Skin immunity

We’re more than au fait with keeping our immune system in check – thank you, vitamin C – but the Koreans are also concerned with their skin’s immunity: “Our skin plays an immune function role in keeping out bad bacteria,” says Yoon. “There’s an awareness in Korea about what you need to do to keep your skin immunity up and that’s keeping your skin barrier really strong.” Look to ingredients, such as fatty acids and ceramides, to help reinforce your skin barrier, keeping the good stuff in and the bad out. Sunday Riley’s ICE Ceramide Moisturising Cream is an excellent product to consider in your routine and deeply nourishes while keeping the skin barrier healthy and strong. 

Inner dryness

Is your skin dry… on the inside? That’s one thing that our Korean counterparts make it their mission to avoid: “We know that when our skin is dehydrated, it’s not caused by our lipid levels on the skin’s surface, but rather the moisture levels inside that are lacking,” says Yoon. It doesn’t matter what your skin type is – oily, dry, or sensitive – but if it’s dry on the inside, it won’t function at its best. Yoon explains: “When you’re dehydrated your melanocytes stay more activated and thus brightening ingredients may not work as well to reduce dark spots; it can also trigger an inflammatory response during which the hormone CRH is released, triggering more sebum production and breakouts; and your fibroblasts that produce collagen and elastin may not work as well. Hydration is the foundational to skin health.”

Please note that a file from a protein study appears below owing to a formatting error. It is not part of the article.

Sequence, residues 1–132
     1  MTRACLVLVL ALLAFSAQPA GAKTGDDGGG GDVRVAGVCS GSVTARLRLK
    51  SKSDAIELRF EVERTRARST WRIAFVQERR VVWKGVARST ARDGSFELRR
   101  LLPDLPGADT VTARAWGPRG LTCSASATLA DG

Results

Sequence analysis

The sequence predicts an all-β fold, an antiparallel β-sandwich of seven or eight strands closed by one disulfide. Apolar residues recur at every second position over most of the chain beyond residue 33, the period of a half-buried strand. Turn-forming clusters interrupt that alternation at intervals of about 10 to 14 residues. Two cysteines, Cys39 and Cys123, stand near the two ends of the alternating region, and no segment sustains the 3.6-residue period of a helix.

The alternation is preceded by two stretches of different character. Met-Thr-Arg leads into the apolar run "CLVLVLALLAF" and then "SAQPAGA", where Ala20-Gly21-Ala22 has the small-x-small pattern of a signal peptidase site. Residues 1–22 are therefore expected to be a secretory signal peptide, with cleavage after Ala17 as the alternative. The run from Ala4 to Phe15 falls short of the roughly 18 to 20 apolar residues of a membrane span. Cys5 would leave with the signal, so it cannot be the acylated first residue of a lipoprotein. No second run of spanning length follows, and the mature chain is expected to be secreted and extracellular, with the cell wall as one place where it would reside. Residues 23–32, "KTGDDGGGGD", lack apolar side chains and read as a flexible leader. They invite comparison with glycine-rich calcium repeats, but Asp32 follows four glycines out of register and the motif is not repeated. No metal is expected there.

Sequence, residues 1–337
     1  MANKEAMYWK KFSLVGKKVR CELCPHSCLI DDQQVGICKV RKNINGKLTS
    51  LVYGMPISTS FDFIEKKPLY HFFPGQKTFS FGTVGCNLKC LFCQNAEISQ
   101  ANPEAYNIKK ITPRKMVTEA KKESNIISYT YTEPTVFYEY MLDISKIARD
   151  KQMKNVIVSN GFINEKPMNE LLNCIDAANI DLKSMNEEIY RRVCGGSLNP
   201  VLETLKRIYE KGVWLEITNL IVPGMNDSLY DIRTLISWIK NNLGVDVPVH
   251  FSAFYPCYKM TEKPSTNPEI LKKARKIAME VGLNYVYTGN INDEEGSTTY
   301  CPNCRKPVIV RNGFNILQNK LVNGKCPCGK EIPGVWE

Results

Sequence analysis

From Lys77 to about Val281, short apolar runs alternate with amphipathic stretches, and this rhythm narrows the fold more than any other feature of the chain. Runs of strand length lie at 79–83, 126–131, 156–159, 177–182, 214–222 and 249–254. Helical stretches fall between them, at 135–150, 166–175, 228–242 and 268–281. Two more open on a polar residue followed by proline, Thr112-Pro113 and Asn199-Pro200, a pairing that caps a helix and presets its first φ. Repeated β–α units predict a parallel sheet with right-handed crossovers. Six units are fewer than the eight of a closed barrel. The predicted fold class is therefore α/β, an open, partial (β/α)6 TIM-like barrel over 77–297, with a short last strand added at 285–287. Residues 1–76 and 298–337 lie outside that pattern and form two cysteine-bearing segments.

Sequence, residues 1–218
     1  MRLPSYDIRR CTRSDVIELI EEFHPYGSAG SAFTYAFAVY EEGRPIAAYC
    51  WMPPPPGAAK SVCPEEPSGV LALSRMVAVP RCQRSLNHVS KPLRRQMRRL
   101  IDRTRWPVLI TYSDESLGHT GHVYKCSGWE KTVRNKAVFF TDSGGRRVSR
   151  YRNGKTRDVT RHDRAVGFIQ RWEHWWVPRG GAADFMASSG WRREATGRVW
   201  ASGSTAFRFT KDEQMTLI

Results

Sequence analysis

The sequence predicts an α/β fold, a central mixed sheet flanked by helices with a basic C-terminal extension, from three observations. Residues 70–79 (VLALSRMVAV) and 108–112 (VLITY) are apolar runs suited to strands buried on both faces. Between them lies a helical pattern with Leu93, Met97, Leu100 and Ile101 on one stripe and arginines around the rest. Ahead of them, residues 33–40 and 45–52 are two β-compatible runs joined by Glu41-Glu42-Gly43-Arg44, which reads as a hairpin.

To ensure skin is hydrated from the inside out, incorporate plenty of humectants in your skincare regime as these absorb into skin and help bind moisture in. Yoon recommends her brand’s Wild Dew Treatment Essence, which contains niacinamide, a cocktail of antioxidants, firming adenosine and three different sizes of hyaluronic acid to bind moisture into skin and give you your most hydrated and dewy-looking skin yet. Alternatively, try Tonymoly Ferment Snail Essence.

The one-minute rule

The Korean one-minute rule refers to your skincare regime and the way in which you apply your product. The idea is to take one minute to massage your oil-based cleanser into skin (we love Sisley Triple Oil Balm Make-up Remover & Cleanser), spending time on getting the surface grime and day’s make-up to dissolve, and then to remove it and spend the next minute applying a hydrating formula. “If you don’t apply the subsequent hydrating formula within that minute, your skin becomes bone dry and formulas don’t absorb as much. It’s a great tip,” says Yoon.

Troxerutin

Troxerutin, the new ingredient to know, might be difficult to pronounce but it has sure made its mark in Korean skincare regimes. A super-antioxidant that is lauded for its ability to soothe irritation, reduce inflammation and hydrate, you can find it in Troxederm’s Repair Essence Mist where it’s blended with cica and niacinamide for an ultra calming effect. Yoon says it has gone totally viral in Korea: “All the celebrities started talking about it and Korea’s George Clooney bought $15,000 worth of this product for his fans – that’s how much he loves it.”

VOGUE article